Deutsche Bank worried Trump Organization would default on loans, eyed changes: report

Deutsche Bank executives were reportedly worried in the aftermath of the 2016 presidential election that the Trump Organization might default on millions of dollars in loans, and discussed how to guard against that possibility.

Bloomberg reported early Wednesday that the executives considered extending repayment dates on $340 million in loans to the Trump Organization until 2025, after a potential second term for President TrumpDonald TrumpRealClearPolitics reporter says Freedom Caucus shows how much GOP changed under Trump Jake Ellzey defeats Trump-backed candidate in Texas House runoff DOJ declines to back Mo Brooks's defense against Swalwell's Capitol riot lawsuit MORE. The loans are due in 2023 and 2024.

Board members at Deutsche Bank worried that they would face public backlash if they went after the president's assets should he default on the loans, Bloomberg reported. The bank ultimately opted not to move forward with the plan, and instead has chosen not to do new business with the Trump Organization during his presidency, it added.

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A spokesman for Deutsche Bank declined to comment to Bloomberg.

Eric TrumpEric TrumpTrump to Pence on Jan. 6: 'You don't have the courage' Florida city bans gambling amid prospects of Trump-owned casino Lara Trump on Senate bid: 'No for now, not no forever' MORE, the president's son and an executive vice president of the Trump Organization, told Bloomberg in an email that the story was "complete nonsense" and defended the family business.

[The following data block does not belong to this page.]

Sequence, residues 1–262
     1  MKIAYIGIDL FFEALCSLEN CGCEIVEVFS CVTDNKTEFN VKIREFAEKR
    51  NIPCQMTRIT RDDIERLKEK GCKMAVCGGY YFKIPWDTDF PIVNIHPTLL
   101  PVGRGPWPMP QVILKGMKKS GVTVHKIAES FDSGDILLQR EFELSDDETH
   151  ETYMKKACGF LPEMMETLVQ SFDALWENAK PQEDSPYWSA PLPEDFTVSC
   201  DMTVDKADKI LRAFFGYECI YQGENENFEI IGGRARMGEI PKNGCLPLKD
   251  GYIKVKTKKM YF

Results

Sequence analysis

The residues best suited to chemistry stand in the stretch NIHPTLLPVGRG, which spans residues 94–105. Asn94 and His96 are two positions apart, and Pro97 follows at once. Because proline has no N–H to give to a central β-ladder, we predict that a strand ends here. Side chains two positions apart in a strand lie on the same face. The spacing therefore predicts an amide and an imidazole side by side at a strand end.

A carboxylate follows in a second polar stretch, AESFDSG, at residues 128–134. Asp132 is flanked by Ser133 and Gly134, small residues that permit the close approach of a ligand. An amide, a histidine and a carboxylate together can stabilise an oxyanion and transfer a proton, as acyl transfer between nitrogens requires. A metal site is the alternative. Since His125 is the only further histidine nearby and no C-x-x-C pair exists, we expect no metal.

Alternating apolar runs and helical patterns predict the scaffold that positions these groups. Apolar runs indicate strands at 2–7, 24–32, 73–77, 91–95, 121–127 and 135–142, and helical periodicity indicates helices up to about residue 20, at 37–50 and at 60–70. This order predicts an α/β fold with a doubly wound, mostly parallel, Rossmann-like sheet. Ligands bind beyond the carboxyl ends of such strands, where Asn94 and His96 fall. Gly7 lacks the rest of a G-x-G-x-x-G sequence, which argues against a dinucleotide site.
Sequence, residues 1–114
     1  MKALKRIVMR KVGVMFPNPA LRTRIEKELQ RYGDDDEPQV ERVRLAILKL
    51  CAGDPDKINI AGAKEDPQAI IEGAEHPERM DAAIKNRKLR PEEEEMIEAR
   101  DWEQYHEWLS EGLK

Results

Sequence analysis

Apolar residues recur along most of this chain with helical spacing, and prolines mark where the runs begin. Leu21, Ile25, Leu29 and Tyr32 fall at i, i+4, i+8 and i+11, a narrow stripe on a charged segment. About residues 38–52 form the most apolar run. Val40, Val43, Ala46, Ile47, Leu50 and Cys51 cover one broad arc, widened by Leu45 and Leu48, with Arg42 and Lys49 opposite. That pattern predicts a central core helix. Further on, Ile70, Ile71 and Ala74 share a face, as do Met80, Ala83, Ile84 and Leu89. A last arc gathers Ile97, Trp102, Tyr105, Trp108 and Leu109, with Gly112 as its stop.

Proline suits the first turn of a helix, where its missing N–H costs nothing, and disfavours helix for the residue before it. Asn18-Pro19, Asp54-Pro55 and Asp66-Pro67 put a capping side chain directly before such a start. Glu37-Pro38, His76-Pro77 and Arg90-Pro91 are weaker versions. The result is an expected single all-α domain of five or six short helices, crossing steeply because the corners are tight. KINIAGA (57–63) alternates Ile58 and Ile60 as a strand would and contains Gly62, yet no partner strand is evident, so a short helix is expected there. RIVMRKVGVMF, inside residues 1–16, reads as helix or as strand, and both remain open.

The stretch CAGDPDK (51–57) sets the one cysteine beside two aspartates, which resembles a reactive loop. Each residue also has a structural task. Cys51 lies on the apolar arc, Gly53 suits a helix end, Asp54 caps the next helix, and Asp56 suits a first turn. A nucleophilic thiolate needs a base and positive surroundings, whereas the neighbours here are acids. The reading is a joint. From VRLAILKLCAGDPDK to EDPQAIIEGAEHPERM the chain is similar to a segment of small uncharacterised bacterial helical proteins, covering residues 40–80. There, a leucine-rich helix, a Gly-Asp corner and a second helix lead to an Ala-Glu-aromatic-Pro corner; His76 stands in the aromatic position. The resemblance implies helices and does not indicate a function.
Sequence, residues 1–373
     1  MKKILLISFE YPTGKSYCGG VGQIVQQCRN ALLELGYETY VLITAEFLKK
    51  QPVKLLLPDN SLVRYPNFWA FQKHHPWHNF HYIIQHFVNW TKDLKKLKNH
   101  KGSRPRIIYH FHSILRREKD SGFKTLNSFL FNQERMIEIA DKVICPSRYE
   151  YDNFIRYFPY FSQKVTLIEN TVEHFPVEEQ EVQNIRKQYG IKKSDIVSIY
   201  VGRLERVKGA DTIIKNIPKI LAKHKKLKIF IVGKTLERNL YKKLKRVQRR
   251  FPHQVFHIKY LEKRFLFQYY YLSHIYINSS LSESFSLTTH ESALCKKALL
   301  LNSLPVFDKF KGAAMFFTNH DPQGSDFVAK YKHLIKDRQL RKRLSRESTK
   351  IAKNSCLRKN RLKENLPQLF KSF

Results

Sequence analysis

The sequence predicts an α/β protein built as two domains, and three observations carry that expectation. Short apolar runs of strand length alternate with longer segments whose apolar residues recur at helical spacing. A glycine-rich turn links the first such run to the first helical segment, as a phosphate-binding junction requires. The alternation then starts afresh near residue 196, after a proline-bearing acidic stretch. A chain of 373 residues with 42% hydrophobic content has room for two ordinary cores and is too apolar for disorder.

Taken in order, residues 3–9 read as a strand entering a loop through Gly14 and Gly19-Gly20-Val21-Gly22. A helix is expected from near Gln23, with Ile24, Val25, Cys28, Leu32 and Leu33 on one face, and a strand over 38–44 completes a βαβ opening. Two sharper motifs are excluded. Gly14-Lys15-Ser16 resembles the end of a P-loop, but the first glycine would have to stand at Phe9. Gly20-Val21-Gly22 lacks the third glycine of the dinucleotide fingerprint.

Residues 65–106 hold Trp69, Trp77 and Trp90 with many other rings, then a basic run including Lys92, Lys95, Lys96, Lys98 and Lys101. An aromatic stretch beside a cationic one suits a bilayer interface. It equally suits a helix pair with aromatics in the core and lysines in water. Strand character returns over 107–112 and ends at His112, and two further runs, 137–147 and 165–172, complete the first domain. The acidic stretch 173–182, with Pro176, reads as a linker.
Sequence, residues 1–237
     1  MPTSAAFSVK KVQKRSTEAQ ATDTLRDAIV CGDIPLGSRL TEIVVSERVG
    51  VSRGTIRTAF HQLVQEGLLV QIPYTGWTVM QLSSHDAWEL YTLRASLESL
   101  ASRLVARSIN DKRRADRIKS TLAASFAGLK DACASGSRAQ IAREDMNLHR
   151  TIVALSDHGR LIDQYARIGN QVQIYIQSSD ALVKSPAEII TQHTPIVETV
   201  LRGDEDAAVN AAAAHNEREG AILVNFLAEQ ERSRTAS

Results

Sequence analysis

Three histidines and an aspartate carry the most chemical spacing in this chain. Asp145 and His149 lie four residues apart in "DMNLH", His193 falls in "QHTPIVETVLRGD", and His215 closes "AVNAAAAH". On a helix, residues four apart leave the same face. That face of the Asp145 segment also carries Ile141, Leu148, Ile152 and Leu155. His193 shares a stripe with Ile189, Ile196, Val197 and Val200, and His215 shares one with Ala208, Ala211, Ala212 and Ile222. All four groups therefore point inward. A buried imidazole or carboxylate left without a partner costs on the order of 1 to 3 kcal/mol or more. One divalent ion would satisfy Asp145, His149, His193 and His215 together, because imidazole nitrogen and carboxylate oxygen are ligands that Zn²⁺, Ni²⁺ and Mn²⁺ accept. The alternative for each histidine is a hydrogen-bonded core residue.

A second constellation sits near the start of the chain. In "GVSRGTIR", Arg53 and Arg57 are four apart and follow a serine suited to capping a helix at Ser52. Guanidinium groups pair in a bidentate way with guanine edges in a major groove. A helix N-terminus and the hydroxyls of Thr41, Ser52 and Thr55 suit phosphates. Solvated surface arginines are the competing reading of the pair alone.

"Virtually all of our assets are owned free and clear, and the very few that do have mortgages are a small fraction relative to the value of the asset," he told Bloomberg. "These are traditional loans, no different than any other real estate developer would carry as part of a comparable portfolio."

Deutsche Bank has come under scrutiny for its ties to the president. 

Democrats indicated before retaking the House majority last fall that they were eager to look into the bank’s relationship with Trump, hoping to expose potential financial crimes and connections to Russian oligarchs.

The bank has reportedly already provided records to special counsel Robert MuellerRobert (Bob) MuellerSenate Democrats urge Garland not to fight court order to release Trump obstruction memo Why a special counsel is guaranteed if Biden chooses Yates, Cuomo or Jones as AG Barr taps attorney investigating Russia probe origins as special counsel MORE in his investigation into Russian interference in the 2016 election.